Synthesis and Structural Characterization of Main-Group Metal Coordination Networks

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Banerjee, Debasis
The Graduate School, Stony Brook University: Stony Brook, NY.
Coordination Networks (CNs) or Metal-Organic Frameworks (MOFs) are crystalline materials, composed of infinite arrays of metal ions, connected by functionalized organic linkers, forming chains, layers or 3-D networks. The exploratory synthesis and characterization of novel MOFs or CNs is of current interest, because of their potential applications across a broad range of technologies, including gas storage, separation, catalysis, and luminescence. A wide range of metal centers and functionalized organic linkers are used to form CNs or MOFs under different synthetic conditions, giving rise to unprecedented structural diversity. First row transition metal centers are often chosen because of their well-known coordination behavior with carboxylate groups under hydro- and solvothermal conditions. On the other hand, CNs/MOFs based on s-block metal centers are relatively less studied. The ionic nature of M-O bonding in s-block CNs provides little room for prediction and control over coordination geometry. Despite difficulties in predicting the coordination geometry, the incorporation of s - block metal centers into CNs offers several advantages. The relatively high charge density and ionic nature of these metal ions leads to strong bonding interaction with carboxylate oxygen atoms. Porous networks prepared from early members of the s - block metal series could further provide gravimetric advantages for gas storage applications due to their low-atomic weight. Our aim was to understand the chemistry of s-block CNs using synthetic variables like temperature and solvents. To accomplish this, lithium based CNs were synthesized using a diverse range of aliphatic and aromatic polycarboxylates. Our study showed that the mutual orientation of the functional groups plays a pivotal role in determining the topologies of the networks. Electrochemical studies reveal the potential of these networks as Li-ion battery electrode. Solid state 6Li NMR was further applied to understand the desolvation-resolvation behavior of a Li-CN, which indicate rearrangement of the metal coordination sphere after solvent removal. The s-block metals CNs were further explored using magnesium and calcium as metal centers. These metal centers are inexpensive, non-toxic and essential in many biological processes. The structural chemistry of Mg2+ is similar to that of Zn2+, which forms many porous MOFs. A series of magnesium-3,5-pyridinedicarboxylates networks were synthesized, using common organic solvents in both pure and mixture forms as the synthetic variable. Networks of different dimensionalities were formed due to the variable coordination ability of solvent molecules with the metal center. Physical properties, such as thermal stability and gas-adsorption behavior of the synthesized networks, vary with the incorporation of different solvent molecules. Water molecules coordinate with the magnesium metal centers preferably over other polar solvents. A similar synthetic strategy was adopted to synthesize calcium based CNs using different solvent mixtures. The larger size of Ca2+ compared to Mg2+ leads to higher coordination numbers for the former, while the structural topologies of the networks formed are equally dependent on the chemical nature and geometry of the ligands and the synthetic variables.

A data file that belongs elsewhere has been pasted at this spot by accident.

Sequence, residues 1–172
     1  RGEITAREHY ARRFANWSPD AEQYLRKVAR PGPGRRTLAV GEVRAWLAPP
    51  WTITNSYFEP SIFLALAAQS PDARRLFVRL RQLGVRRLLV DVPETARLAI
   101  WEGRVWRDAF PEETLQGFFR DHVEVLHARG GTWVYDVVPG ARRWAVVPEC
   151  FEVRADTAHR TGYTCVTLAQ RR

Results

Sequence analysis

177 pg.